Oh, but I am too sleepy for this stuff.

Thursday, May 12, 2005

Only managed about three hours of sleep for Tuesday night before I was awakened early Wednesday morning by a loud radio somewhere and my stomach reminding me that I hadn't eaten dinner. Before going to sleep, I'd had the thought that I might go to Einstein Bagels for breakfast. Since in the morning my mind hadn't yet reacquired the ability to create new thoughts, I immediately went ahead with that plan.

I decided after my humus and feta on ciabatta that I would go downtown by trolley and then walk up to Hillcrest in order to see Palindromes at the Landmark, the only theatre in San Diego county where that movie was playing.

Before getting on the trolley, I thought it best to use the bathroom, so I stopped in at Target. In the Target men's room, there was a man and a woman, both between fifty and fifty five years old. The man was saying something about his ex-wife and the woman had her pants around her ankles while trying to pee standing up. The first thing I saw when I walked in was her square shaped ass. So I turned around and left.

I was entertained on the trolley ride downtown by a gumball left on the window sill beside me by a mentally impaired gentleman. It stuck at first, but then began to roll from one side of the sill--away from me--to the other--towards me. This gave me something to look at since the games on my phone have stopped working--well, in Spacedudes, I'm still able to move my ship, by the aliens don't move and neither do my missiles. And in Brick Attack, there's simply no ball with which my paddle might attack said bricks. What if Mario woke up to find every koopa, every goomba, every piranha plant, had simply disappeared in the night? It must be a lonely thing.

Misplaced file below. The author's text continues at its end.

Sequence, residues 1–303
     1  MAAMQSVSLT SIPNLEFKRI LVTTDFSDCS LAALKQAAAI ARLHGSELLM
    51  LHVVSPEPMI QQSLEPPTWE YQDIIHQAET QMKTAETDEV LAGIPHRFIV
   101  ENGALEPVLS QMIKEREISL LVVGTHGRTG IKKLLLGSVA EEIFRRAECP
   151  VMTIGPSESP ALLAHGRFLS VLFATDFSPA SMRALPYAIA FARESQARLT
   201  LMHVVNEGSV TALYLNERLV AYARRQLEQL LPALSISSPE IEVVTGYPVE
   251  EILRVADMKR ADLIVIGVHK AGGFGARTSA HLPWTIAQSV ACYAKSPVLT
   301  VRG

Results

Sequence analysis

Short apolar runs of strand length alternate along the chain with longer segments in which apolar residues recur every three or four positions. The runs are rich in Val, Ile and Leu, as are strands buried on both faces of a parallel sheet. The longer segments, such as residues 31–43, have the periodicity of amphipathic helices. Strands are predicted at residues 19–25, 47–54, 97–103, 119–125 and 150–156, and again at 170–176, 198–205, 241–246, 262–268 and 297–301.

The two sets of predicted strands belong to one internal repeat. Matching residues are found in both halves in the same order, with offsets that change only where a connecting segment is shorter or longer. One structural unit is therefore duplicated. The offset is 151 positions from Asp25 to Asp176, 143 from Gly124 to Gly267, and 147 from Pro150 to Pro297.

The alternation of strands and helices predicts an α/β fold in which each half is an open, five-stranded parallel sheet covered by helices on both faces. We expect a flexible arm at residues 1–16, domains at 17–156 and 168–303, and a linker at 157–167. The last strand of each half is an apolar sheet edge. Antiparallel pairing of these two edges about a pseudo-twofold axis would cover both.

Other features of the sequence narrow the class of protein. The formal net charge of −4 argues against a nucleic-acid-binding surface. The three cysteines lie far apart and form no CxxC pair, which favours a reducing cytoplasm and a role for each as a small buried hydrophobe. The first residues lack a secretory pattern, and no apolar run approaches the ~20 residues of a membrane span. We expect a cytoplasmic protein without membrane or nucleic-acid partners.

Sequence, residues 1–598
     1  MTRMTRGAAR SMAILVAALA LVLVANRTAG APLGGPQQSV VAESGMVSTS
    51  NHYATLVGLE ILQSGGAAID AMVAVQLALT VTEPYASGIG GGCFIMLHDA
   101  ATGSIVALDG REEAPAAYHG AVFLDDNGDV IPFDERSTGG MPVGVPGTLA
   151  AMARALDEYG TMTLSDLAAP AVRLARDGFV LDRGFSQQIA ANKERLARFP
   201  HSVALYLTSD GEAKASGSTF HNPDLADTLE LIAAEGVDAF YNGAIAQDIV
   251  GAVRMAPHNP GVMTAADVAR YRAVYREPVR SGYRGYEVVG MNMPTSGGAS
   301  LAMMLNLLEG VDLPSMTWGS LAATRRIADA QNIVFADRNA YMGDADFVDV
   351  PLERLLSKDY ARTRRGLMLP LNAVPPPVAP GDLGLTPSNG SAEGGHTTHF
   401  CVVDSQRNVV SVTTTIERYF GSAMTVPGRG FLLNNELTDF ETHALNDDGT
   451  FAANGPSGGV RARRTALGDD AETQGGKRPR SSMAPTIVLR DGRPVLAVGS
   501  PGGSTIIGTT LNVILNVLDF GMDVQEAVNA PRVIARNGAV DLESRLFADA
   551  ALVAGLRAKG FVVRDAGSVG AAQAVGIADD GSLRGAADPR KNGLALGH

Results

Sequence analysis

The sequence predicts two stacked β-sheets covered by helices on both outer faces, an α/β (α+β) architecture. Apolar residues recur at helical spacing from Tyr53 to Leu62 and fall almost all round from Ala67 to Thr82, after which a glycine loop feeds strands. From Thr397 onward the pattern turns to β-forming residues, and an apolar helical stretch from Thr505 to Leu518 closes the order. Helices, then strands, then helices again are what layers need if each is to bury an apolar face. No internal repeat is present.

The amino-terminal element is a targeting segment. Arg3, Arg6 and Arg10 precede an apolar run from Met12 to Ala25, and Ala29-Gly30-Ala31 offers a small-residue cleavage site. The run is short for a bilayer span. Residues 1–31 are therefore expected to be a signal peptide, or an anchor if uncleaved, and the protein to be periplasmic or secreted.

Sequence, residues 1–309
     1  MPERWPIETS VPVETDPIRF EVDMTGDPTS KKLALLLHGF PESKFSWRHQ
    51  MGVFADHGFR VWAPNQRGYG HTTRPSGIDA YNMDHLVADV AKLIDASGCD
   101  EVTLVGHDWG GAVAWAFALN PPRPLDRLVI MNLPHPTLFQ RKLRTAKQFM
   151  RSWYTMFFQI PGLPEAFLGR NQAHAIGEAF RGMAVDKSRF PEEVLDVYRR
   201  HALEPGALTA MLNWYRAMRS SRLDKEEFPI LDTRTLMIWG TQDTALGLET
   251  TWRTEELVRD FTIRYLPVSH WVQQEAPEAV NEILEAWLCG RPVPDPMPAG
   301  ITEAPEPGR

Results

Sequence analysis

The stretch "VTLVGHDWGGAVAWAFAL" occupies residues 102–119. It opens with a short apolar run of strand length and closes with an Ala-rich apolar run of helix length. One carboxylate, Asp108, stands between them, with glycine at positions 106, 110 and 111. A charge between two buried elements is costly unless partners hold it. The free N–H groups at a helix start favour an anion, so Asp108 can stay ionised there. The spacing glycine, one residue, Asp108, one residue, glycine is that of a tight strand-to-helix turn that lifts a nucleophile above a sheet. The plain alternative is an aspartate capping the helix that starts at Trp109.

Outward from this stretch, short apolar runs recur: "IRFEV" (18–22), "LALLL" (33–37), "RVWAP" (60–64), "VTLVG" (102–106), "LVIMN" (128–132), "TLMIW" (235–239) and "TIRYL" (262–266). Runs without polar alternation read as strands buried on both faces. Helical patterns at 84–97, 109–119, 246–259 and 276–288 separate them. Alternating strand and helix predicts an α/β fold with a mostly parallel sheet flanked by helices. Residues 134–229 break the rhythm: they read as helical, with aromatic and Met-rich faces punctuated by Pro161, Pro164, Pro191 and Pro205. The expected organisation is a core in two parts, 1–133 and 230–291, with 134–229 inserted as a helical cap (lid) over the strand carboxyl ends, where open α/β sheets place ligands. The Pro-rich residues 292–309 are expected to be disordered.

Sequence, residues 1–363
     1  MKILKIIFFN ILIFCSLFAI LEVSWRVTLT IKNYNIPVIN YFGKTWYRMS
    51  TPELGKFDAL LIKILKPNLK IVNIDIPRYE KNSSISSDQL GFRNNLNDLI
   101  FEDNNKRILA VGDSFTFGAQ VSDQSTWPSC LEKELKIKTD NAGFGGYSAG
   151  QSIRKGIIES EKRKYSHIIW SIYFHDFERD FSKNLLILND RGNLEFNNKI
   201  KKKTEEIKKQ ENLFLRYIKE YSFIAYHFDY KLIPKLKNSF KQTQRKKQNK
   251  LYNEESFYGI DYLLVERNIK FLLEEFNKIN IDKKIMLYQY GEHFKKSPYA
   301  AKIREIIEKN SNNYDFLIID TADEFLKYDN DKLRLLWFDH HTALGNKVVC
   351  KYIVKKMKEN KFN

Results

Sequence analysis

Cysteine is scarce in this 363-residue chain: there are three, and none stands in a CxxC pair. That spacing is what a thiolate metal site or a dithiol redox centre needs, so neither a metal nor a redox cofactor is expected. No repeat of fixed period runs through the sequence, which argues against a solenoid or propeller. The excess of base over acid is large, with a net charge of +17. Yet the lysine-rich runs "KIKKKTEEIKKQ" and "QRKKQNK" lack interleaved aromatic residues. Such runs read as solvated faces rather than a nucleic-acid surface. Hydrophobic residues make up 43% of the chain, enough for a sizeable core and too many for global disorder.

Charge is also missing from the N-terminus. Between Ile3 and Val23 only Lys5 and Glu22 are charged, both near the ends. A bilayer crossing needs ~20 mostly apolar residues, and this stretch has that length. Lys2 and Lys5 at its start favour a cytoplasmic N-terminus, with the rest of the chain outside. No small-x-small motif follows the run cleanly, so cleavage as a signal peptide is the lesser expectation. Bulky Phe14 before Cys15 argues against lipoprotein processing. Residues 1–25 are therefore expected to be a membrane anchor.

But the gumball was veiled from me eventually by a young man who wanted to recline and watch me from under his hood after I'd taken a moment to show my ticket to a police officer. I thought about telling the young man about the gumball he was leaning on, but I was too amused by the idea of Little Mister Badass walking around with a shiny pink gumball stuck to his shoulder.

I got to Hillcrest with about an hour to spare, so I went in a bookstore looking for an Ann Sexton book. Sexton's been spoken well of by a variety of people in my world lately and I've never read her--so I thought some poems would be good to read while waiting for a movie to start. But of the three bookstores on that street, not one had an Ann Sexton book of any sort. At the last one, a place called Bluestocking Books and Bindings, there were several feminist posters up so I sort of had high hopes. But the poetry section was very sparse.

As I left, I asked the skinny blond woman behind the counter if Ann Sexton was indeed filed under poetry.

"Yes!" She sounded very pleased, "That's a good question, I'm glad you asked . . . We don't have any."